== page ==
Includes Original Film Booklet, Lobby Card, Costume Design, Film Stills, Film Posters & Domestic & International Folders of the Film.
Uttam Kumar, Sharmila Tagore, Ranajit Sen, Bireswar Sen
Producer: Rob & Co. [R.D.Bansal / Rob Productions]
Original Screenplay & Direction: Satyajit Ray
Cinematography: Subrata Mitra
Editing: Dulal Dutta
Art Direction: Bansi Chandragupta
Sound: Nripen Pal, Atul Chatterjee, Sujit Sarkar
Music: Satyajit Ray
A famous film actor Arindam (Uttam Kumar), a super star of Bengali films, has been invited to the capital to receive a prestigious award. As all the flights are booked, he is forced to travel by a train from Calcutta to new Delhi he is in a foul mood as the morning’s papers are filled with his being involved in an altercation and his latest film is slated to become his first flop. In the restaurant car, he meets Aditi (Sharmila Tagore), a young journalist who edits a women’s magazine. Filled with contempt for the likes of him, she secretly plans to interview him because she thinks it would make a saleable ‘copy’. It soon leads to him pouring out his life history. Aditi takes notes, surreptitiously. Critical of the star, she interrogates him and the star ends up re-examining his life. In a series of conversations with Aditi, he reveals his past and guilt.
He talks about Shankarda, his mentor, talking us back to his early youth. His diversion to films and going up theatre against the wished oh his old teacher... His first day’s shoot, and he being snubbed by a successful actor Mukunda Lahiri. A few years Mukunda Lahiri, now a forgotten actor after a series of flops, comes to him to beg for a small part. He rejects the ageing actor in revenge. He takes refuge to alcohol and refuses to help his friends.
In the fag end of the train journey, he is drunk and contemplates suicide. He asks the conductor to fetch Aditi. He begins to confess an affair with a married woman. But Aditi stops him. It was an affair with a heartless and ambitious Promoila, which ended in a brawl with her husband.
As the star re-lives and examines his life with Aditi, a bond develops between them. Aditi realises that in spite of his fame and success, Arindam is a lonely man, and needs her sympathy and understanding. Out of respect for his frank confession, she chooses to suppress the story and destroy the notes she has written. She lets the hero preserve his public image.
Satyajit Ray, was a towering figure in the world of cinema. He studied at Calcutta University and later joined Shantiniketan, Rabindranath Tagore’s university to study art. Ray began his career as a commercial artist (1943-56). He founded Calcutta’s first film society in 1947 and made his first film, Pather Panchali (1955) while working at an advertising agency, Pather Panchali was an immediate success and won grand prix at the Cannes festival. The success of Pather Panchali gave ray total control over his subsequent films. Two sequels based on the novel (Aparajito – The Unvanquished, 1956; Apur Sansar – The World of Apu, 1959) completed the acclaimed ‘Apu Trilogy’. What followed was a long career as a long career as a world – class filmmaker. Until 1981, he would make a feature length film every year. His later films included – Parash Pathar (The Philosopher’s Stone, 1958), Jalsaghar (The Music Room, 1958), Devi (The Goddess, 1960), Teen Kanya (Two Daughters, 1961), Kanchanjungha, (1962), Mahanagar (The Big City, 1963), Charulata (The Lonely Wife, 1964), Kapurush-O-Mahapurush (The Coward & The Holy Man, 1965), Nayak (The Hero, 1966), Goopy Gyne Bagha Byne (Adventure Of Goopy & Bagha 1970), Shantraj Ke Khilari (The Chess Player, 1977), Joi Baba Felunath (The Elephant God, 1978), Ghare- Baire (Home and The World, 1984) and Shakha Proshakha (Branches Of The Tree, 1990). In 1961, Ray revived Sandesh, a children’s magazine founded by his grandmother, to which he continued to contribute illustrations, verses and stories throughout his life. He made a significant contribution to children’s literature in Bengali. Most of his fiction was written for teenage children. His detective stories and novels were particularly popular with them.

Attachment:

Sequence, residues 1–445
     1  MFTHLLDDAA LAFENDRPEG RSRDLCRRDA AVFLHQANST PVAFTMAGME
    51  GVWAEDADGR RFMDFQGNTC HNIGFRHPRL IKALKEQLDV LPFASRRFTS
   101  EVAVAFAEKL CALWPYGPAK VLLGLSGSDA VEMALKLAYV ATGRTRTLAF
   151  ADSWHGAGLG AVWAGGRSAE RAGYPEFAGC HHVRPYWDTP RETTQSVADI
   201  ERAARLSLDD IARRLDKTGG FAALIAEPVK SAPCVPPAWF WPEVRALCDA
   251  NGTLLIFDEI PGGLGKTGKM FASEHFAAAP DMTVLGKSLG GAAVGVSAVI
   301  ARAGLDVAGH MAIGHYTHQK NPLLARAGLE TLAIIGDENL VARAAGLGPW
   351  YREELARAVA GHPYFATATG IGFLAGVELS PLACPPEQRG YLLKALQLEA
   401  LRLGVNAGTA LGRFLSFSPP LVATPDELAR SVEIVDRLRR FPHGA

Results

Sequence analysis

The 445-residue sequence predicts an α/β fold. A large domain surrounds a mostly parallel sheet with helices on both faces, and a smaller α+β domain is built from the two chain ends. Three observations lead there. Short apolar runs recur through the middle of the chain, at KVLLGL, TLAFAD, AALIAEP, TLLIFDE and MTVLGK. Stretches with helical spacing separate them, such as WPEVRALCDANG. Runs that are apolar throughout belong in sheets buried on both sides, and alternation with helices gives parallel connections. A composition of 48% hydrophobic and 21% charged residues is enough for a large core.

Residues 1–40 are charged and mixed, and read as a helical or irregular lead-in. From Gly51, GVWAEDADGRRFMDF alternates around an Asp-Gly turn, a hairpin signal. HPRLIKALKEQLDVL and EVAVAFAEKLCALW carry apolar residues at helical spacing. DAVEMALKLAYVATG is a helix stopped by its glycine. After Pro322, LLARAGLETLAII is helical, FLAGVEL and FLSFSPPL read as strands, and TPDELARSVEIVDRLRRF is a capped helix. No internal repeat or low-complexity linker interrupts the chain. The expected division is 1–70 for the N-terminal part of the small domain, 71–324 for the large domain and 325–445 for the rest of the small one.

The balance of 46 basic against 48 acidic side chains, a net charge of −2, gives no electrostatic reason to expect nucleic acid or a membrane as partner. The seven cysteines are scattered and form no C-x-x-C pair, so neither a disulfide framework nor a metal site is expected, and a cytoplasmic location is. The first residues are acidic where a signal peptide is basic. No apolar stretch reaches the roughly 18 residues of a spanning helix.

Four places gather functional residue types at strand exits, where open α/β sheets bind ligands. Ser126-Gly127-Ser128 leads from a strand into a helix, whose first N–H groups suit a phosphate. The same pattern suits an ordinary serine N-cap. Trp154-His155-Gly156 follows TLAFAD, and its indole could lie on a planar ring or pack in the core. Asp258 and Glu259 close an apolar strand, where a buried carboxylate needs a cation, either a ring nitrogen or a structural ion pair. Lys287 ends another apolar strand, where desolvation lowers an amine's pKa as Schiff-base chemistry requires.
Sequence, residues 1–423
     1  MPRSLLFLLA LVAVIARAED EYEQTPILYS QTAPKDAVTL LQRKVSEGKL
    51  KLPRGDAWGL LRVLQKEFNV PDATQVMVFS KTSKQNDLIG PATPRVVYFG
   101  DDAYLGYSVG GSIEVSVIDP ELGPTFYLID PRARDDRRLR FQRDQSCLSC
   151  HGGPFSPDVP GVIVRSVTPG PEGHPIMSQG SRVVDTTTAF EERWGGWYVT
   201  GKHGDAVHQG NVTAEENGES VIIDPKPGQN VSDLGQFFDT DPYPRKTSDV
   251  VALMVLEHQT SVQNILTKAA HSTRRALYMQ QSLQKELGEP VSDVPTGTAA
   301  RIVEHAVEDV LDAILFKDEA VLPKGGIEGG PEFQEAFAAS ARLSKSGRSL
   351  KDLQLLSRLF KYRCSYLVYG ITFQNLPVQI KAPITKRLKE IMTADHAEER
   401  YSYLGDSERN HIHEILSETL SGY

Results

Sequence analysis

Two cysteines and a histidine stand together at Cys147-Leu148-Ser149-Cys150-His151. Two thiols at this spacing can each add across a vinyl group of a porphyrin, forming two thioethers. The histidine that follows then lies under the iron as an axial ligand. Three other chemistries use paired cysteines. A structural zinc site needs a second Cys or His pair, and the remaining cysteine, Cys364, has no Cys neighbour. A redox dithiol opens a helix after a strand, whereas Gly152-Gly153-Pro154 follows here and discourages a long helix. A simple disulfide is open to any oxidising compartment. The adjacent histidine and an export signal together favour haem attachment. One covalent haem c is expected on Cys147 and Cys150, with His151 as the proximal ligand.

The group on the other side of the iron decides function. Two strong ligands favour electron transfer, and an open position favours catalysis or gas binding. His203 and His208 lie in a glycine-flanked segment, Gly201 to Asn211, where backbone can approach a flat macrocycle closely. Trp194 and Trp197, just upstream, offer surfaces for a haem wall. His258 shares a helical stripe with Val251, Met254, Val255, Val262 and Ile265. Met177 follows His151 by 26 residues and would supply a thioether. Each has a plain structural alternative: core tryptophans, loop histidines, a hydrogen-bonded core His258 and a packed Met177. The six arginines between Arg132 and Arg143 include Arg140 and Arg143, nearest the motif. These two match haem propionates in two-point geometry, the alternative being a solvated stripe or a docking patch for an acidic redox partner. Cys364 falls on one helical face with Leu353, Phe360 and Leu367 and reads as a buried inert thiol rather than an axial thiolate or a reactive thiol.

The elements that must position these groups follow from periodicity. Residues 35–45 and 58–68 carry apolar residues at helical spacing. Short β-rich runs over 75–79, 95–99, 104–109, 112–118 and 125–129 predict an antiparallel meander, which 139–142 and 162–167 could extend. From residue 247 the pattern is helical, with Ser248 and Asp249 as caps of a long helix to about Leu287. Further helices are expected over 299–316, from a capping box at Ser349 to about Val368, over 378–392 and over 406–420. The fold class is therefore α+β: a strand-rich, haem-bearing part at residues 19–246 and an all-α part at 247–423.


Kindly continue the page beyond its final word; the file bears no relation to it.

His stories are unpretentious and entertaining. The subjects included: adventure, detective stories, fantasy, science fiction and even horror. In 1992, he accepted Lifetime Achievement Oscar from his sickbed in Calcutta through a special live satellite-television event and Bharat Ratna the ultimate honour from India.
Director, Producer, Screenwriter, Composer, Writer, Graphic Designer
Born: May 2, 1921, Kolkata (Calcutta), India
Died: April 23, 1992, Kolkata (Calcutta), India
Genre: Classic / Drama
Dolby Digital Stereo